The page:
A good example would be the selfie picture taken by Ellen Degeneres. That was unexpected. But the story was milked for all it’s worth because of clever after selfie interviews. How it almost didn’t happen, and about the actors who were actually there, but couldn’t get in the frame.
Body language also plays a huge role when it comes to surprise. In fact, even if the face is obscured, body language alone will show you the raw emotion. Take for example Darth Vader and Volkswagen. In fact, in this skit, the boy who was in full Darth Vader costume, except his hands, effectively showed multiple emotions just with hand gestures.
Okay, most social media posts have a dab of happiness in them. But what makes a difference? What separates, blah happiness from happiness shared all over the world. When it comes to happiness, you want raw emotion. You want spontaneity. If possible, you want a photogenic subject. To be clear, you don’t need a handsome or beautiful model. There is a big difference between photogenic and handsome/beautiful.
For example: have you seen the most photogenic fun run runner? It’s basically a picture of a guy in shirt and shorts, with a couple days old beard, running. Yes the guy is above average handsome, but you don’t notice that. The first thing you notice is a genuine and highly infectious smile.
Delight is a tricky subject. This is because it has the elements of joy, happiness, affection, etc. But it is more specific in that you look for a spontaneous reaction that is captured. That being said, it’s a lot trickier to photograph delight than it is to take a video of the same.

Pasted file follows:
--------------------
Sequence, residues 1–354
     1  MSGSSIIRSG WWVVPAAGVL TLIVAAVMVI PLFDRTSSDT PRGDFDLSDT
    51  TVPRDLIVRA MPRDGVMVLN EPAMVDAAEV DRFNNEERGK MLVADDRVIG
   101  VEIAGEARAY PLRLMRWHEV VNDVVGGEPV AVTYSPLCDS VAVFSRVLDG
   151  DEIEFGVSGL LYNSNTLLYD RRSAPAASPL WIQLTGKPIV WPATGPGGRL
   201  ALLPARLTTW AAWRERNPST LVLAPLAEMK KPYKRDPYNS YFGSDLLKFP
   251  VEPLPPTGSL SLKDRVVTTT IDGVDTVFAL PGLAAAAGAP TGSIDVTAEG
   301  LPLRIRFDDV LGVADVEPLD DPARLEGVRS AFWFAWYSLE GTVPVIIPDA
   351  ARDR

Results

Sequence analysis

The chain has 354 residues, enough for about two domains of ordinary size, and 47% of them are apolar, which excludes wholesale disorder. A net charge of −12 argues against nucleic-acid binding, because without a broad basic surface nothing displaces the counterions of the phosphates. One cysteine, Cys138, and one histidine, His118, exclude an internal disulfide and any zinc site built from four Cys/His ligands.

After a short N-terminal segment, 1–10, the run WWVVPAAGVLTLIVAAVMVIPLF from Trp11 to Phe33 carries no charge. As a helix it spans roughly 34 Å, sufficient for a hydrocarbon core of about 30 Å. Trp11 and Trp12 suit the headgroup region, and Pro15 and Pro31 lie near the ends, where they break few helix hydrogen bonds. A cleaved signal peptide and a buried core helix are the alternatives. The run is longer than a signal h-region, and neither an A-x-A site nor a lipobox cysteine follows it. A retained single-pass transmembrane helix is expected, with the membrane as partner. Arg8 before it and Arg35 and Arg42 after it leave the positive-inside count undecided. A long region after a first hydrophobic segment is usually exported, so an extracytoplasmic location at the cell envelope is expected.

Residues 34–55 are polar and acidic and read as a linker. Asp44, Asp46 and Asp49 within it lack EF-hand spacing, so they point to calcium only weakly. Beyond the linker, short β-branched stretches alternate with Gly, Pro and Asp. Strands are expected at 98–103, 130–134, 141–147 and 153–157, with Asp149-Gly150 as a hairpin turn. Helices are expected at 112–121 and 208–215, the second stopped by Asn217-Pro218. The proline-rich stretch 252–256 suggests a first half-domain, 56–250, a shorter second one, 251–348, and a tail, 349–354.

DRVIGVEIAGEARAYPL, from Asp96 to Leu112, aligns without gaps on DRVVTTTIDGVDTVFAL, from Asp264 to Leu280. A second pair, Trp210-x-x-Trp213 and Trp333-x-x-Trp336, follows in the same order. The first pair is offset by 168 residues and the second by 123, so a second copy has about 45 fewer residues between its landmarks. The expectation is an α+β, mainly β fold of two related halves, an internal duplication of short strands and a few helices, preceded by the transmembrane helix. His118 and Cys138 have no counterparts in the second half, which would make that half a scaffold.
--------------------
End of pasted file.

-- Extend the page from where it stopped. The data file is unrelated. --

In both cases, you want to have a good view of the eyes and lips of the subject. There is this twinkling sensation that you feel from the eyes of your subject. The entire facial expression is a mix of happiness and shock. If it’s a video, then a squeal of delight is also a must.
For example: Have you seen the video of the schnauzer doggie that was so happy to see a family member, it fainted! Here’s a background story: Casey hadn’t been home in 2 years. So when she finally went back home, the schnauzer was all over her. You have to understand 2 years for us is 14 years in dog years. This is absolutely an AWWWWW moment, because you realize that dogs are capable of raw delight and have the capacity to remember!
Based on observation, pleasure captured on social media is conceptualized differently for pictures and videos. For pictures, you want to be very specific about the type of pleasure. If done correctly, you can then play with the end emotion, either by understating or overstating the pleasure. The classic example of this is the “got Milk” series of Ads. In one picture, you can see the pleasure a person derives from drinking milk.